JoAnne Skelly: What is allelopathy?
August 18, 2014
Last week I wrote about companion planting and the research supporting diverse plant associations and the benefits of interplanting. I wanted to explore this topic in more depth. Allelopathy is a scientific term to describe the beneficial or harmful effects one plant can have on another plant through the release of biochemicals (allelochemicals). These chemicals get into the soil and other plants in different ways. They may leach out from various plant parts (leaves, flowers, roots, fruits, stems or even pollen); exude through roots; volatilize as a gas; or come from decomposing plant residues.
Some of the harmful effects of allelochemicals include reduced seed germination and seedling growth. These effects can prevent other plants from growing near the allelopathic plant. The chemicals act almost as a kind of herbicide limiting cell division, nutrient uptake and photosynthesis. They can persist in the soil and reduce the success of future plantings. Many invasive plants are allelopathic, which allows them to thrive, outcompeting native species.
One common example of allelopathic response is walnuts, particularly black walnuts. Very few plants can grow under walnut trees. They turn yellow, wilt and die. Other landscape trees with allelopathic properties are tree-of-heaven, hackberry, American sycamore, cottonwood, black cherry, red oak and black locust. If plants under these trees don’t seem to thrive, it may be due to allelopathy.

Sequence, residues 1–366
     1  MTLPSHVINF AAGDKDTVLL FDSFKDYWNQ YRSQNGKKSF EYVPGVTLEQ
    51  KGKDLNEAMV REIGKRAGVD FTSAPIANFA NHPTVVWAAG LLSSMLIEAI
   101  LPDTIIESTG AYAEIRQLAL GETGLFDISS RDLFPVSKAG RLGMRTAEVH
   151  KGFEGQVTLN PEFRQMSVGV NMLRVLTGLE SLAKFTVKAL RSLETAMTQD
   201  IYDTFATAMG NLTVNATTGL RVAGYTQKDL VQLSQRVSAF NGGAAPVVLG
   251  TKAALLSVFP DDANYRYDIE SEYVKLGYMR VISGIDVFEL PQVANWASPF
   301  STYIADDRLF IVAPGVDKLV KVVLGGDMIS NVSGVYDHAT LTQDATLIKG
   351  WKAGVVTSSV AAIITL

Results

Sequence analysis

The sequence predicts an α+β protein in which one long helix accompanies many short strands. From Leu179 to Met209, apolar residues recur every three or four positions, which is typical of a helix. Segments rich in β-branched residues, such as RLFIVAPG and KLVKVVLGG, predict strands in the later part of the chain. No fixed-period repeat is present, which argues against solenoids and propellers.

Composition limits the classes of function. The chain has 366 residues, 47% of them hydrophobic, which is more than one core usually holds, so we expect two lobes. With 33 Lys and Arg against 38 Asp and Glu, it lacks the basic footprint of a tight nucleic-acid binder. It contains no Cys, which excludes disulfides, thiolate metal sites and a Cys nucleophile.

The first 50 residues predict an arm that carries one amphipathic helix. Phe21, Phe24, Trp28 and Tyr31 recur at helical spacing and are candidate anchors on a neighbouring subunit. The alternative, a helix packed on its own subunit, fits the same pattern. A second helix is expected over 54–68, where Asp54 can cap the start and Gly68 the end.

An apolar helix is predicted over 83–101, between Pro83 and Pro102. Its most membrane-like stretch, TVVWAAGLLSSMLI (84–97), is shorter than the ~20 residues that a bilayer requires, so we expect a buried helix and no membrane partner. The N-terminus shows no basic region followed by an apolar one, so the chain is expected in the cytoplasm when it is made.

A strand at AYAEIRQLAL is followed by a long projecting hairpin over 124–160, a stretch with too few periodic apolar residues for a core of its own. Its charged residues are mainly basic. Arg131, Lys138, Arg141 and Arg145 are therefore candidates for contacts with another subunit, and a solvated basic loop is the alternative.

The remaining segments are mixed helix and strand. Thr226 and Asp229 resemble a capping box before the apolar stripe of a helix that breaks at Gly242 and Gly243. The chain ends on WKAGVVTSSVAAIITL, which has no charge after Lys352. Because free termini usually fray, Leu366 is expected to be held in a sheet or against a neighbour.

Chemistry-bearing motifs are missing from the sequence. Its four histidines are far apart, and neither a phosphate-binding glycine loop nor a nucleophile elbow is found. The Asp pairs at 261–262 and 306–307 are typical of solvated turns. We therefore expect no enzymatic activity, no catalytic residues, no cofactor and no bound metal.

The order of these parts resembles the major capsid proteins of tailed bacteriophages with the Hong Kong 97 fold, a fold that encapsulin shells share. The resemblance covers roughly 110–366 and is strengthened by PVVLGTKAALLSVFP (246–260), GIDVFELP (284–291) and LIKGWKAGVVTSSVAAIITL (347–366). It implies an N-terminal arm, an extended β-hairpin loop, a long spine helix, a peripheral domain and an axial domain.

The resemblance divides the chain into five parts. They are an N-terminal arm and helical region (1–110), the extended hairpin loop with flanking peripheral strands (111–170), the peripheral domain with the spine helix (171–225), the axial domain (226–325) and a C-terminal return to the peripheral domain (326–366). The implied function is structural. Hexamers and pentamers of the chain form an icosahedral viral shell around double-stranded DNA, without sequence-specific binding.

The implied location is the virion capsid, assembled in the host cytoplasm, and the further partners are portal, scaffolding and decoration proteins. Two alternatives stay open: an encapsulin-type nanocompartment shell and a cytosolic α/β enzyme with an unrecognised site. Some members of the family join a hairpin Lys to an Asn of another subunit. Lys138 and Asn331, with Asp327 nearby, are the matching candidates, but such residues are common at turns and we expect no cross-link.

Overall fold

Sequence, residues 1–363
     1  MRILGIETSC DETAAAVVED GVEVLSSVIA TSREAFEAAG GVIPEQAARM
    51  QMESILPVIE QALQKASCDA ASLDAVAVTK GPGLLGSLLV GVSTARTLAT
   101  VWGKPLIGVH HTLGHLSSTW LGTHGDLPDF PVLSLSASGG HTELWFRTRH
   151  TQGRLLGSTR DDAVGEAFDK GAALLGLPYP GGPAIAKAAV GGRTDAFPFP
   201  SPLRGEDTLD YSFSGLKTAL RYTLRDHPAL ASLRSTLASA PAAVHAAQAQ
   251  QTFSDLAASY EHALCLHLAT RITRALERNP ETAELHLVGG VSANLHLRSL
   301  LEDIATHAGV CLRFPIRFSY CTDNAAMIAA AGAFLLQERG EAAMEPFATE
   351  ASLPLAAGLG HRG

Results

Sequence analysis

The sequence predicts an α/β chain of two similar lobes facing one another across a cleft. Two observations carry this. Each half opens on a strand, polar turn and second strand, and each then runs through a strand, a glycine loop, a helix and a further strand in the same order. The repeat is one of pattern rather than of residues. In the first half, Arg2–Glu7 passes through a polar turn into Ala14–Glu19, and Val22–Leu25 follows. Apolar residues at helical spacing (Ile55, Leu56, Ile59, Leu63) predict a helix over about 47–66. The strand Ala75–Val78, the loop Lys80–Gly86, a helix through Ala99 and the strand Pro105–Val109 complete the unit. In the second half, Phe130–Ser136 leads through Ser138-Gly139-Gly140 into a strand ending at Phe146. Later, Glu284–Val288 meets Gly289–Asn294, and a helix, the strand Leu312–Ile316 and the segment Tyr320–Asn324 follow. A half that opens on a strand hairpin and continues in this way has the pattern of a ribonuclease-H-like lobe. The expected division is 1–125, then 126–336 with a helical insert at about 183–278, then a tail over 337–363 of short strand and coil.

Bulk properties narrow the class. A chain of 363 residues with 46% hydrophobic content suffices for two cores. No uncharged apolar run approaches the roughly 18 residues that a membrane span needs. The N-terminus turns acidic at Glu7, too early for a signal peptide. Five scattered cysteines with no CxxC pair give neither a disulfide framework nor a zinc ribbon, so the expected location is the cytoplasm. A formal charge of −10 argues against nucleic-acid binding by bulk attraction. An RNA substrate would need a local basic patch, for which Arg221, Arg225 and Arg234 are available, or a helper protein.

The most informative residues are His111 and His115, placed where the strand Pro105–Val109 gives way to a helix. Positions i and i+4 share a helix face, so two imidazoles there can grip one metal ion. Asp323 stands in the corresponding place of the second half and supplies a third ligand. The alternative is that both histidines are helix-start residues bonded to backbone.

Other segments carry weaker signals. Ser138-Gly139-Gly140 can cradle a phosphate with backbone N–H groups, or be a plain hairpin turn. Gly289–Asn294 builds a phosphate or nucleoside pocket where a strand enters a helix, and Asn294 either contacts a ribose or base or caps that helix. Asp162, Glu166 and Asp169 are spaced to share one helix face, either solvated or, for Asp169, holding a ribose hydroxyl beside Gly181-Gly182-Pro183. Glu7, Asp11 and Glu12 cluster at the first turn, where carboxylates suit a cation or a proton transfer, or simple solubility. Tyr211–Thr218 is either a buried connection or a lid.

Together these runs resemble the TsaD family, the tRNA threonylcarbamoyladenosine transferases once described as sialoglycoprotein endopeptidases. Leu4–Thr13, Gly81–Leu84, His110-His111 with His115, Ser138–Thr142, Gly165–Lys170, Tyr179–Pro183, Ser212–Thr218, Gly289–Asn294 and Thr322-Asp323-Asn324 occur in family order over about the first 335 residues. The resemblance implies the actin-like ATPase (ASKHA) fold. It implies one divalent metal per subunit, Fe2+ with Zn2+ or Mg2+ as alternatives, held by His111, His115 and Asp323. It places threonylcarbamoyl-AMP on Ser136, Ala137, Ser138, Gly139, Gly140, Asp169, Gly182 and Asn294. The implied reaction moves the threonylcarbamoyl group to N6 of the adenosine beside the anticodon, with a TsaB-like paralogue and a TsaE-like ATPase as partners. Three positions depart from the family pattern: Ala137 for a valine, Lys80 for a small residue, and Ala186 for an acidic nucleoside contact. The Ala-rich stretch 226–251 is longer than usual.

Allelopathic damage is less likely to occur in well-drained, well-aerated soils. Soils low in organic matter with little microbial action are more likely to increase the harm from allelopathic plants. Instead of the toxins adhering to organic matter, they are absorbed by plants.
Allelopathic benefit can occur when a particular plant, such as rice, keeps weeds from growing around it. Researchers are looking for ways to synthesize the allelochemicals in order to use them as natural herbicides. Certain plants are selectively allelopathic and do not interfere with desirable plant growth, but do inhibit weeds. These plants include beets, corn, peas, buckwheat, millet, rye, cucumber and lupine. In one study, broccoli production increased by 50 percent when grown with wild mustard. Cover cropping with the residues of allelopathic plants can reduce weeds in some instances.
In a world of increasing population, allelopathy may be a tool to increase food production and food security without the increased use of synthetic herbicides. Allelochemicals may be an alternative way to deal with weeds in agriculture, reducing the impact of synthetic herbicides on the environment and human health.
JoAnne Skelly is the Carson City/Storey County Extension educator for University of Nevada Cooperative Extension and may be reached at firstname.lastname@example.org or 887-2252.